opinionBy Samuel Abulude
Cynthia Osokogu, the only daughter of a retired army general, was allegedly murdered by two students with whom she struck up a friendship on the popular social media website, facebook. SAMUEL ABULUDE writes on how the tragic incident started out in cyberspace:
Social media are internet sites where people interact freely, discussing and sharing information about virtually anything under the sun using a multimedia mix of personal words, pictures, videos and audio.
On these web sites, individuals and groups create and exchange content and engage in person-to-person conversations. They appear in many forms including blogs and microblogs, forums and message boards, social networks, wikis, virtual worlds, social bookmarking, tagging and news, writing communities, digital storytelling and scrapbooking, and data, content, image and video sharing, podcast portals, and collective intelligence.
There are many well-known social media sites in cyberspace. The most famous include Facebook, LinkedIn, MySpace, Twitter, YouTube, Flickr, WordPress, Blogger, Typepad, LiveJournal, Wikipedia, Wetpaint, Wikidot, Second Life, Del.icio.us, Digg, Reddit and Lulu.
The use of this new communication platform is widespread in Nigeria as in other countries of the world for a variety of positive reasons. Facebook, for instance, is the destination of choice in cyberspace if you are looking for a long lost friend or seek new ones.
With over 955 million active users globally, facebook has virtually become a staple feature of life for many people across the world. Facebook was founded by an American student, Mack Zuckerberg, in 2004. However, according to May 2011 Consumer reports survey, there are 7.5 million children under 13 with facebook accounts and 5 million under 10 violating the site's terms of service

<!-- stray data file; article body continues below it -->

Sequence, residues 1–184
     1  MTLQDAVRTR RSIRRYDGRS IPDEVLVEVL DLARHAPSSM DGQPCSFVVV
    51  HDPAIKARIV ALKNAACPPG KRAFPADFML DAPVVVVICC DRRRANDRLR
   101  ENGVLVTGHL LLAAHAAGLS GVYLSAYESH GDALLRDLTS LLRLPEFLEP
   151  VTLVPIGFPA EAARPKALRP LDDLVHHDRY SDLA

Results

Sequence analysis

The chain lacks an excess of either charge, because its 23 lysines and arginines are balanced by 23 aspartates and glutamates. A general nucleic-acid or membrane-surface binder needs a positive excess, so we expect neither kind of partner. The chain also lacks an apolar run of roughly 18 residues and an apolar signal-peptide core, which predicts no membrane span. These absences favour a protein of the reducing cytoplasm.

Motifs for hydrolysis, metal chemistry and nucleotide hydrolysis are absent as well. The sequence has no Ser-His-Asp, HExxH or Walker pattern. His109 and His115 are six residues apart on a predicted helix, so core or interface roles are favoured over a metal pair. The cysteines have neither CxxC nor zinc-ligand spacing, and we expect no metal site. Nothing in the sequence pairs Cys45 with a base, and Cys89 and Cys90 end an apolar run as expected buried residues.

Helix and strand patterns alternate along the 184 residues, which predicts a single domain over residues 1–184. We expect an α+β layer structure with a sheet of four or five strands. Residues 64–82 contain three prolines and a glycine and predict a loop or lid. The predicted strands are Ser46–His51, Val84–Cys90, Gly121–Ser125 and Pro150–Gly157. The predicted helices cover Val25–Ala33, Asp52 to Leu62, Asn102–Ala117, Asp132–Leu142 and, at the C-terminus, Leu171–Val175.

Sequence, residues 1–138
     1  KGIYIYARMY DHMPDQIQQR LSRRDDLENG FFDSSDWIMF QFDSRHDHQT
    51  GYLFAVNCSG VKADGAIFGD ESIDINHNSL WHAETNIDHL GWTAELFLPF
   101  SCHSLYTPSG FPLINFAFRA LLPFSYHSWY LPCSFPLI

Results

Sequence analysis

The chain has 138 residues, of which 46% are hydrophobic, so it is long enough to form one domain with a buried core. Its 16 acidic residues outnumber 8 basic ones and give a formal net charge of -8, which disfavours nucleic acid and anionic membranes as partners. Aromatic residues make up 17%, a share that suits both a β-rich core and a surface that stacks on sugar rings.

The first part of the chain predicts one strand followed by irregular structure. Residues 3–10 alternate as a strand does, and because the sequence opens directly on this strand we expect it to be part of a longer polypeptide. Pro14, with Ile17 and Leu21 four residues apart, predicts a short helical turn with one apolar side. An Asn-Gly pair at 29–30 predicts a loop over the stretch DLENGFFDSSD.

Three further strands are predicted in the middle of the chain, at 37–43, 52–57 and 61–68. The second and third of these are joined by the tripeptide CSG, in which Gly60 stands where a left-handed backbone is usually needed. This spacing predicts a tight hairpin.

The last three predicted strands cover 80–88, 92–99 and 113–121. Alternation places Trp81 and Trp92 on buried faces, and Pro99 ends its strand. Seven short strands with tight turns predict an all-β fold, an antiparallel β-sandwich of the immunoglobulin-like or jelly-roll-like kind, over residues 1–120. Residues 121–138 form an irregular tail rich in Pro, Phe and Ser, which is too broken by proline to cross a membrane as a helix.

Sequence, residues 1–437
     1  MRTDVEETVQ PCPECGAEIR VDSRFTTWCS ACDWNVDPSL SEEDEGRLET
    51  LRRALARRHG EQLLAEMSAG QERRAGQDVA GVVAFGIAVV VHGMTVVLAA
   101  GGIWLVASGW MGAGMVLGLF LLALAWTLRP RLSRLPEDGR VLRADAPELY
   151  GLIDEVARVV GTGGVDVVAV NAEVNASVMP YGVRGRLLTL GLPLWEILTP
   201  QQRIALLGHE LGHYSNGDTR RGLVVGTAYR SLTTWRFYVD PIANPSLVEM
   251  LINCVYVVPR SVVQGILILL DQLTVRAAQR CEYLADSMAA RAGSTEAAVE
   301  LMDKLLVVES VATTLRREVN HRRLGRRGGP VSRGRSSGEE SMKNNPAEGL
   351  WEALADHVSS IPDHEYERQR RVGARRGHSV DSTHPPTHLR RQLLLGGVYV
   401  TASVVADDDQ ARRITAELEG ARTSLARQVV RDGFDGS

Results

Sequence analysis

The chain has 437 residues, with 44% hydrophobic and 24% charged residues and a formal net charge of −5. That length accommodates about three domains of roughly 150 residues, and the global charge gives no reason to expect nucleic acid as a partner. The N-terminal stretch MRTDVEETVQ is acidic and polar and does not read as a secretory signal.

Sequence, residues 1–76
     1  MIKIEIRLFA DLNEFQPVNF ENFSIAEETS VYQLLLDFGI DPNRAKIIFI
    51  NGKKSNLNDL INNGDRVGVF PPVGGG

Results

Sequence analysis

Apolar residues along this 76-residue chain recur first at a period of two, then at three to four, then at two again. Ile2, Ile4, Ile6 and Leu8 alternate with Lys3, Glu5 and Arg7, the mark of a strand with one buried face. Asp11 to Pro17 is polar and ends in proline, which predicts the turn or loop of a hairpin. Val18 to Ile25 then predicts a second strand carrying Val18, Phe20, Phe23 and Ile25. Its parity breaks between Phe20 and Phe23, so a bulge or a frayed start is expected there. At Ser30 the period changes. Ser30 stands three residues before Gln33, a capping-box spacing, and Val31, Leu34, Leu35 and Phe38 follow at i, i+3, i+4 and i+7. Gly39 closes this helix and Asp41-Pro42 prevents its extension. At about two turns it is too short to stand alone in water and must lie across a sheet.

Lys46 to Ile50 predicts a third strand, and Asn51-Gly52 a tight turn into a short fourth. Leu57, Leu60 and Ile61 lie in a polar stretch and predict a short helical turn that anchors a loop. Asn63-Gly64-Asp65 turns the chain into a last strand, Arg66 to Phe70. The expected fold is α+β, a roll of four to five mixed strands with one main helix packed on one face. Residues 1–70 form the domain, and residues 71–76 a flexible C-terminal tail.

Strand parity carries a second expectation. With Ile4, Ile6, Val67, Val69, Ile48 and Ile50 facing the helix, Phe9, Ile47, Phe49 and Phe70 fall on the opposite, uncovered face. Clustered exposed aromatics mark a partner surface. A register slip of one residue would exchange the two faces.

For all their positive deliverables though, danger lurks around these social websites as criminal elements also take to them to commit crimes. While many Nigerians only read about these cybercrimes online, it was brought home to us all on August 22, when the tragic story of Cynthia Osokogu broke.
Miss. Osokogu was a 24-year-old post-graduate student of Nasarawa State University and the only daughter of Major General Frank Osokogu (rtd).
She met one Nwabuzor Okwuoma, 33, who claimed to be a student of University of Lagos (UNILAG) through facebook and gradually a friendship ensued, albeit in cyberspace since both of them were hundreds of miles apart.
With time, Nwabuzo, who hails from Anambra State, invited Miss. Osokogu to Lagos on a business trip and reportedly paid for her flight ticket from Abuja to Lagos.
But according to the police, Nwabuzo took to facebook with criminal intent. Alongside his cousin, Ezekiel Odera, 23, an undergraduate of Anambra State University, Nwabuzo allegedly booked a room in Casmillo Hotel, Festac, Lagos for Miss. Osokogu, where the arrested duo prepared a chain, a cello tape, padlock and other bondage items to use on their unsuspecting victim. The alleged plot, according to the police, was to hold Miss. Osokogu hostage in that hotel room in order to rape and rob her of her belongings.
On July 22, Cynthia landed in Lagos longing to meet her facebook friend, Nwabuzo, in person for the first time, totally oblivious of the tragic fate that awaited her. Nwabuzo allegedly picked her up at the airport and drove the victim to the hotel where three packets of Ribena juice allegedly laced with Rohypnol have been placed in the booked room's refrigerator . Rohypnol, a sedative drug used in the short-term treatment of insomnia and for pre-medication purposes in surgical procedures, is also known as "the date rape drug."
For some inexplicable reasons, Miss. Osokogu only took a little sip from one of the drugged Ribena packs, which failed to knock her out as allegedly envisaged by Nwabuzo and Odera. However, this little setback did not in any way stop the duo from allegedly going ahead with their plans.
Nwabuzo and Odera allegedly pounced on the still conscious Miss. Osokogu, who, realising the trap she had walked into, reportedly resisted her assailants even in her state of half stupor. Taken aback by this, Nwabuzo and Odera allegedly snuffed life out of their victim by strangling her. The two undergraduates allegedly stripped Miss. Osokogu of her valuables and reportedly fled the scene.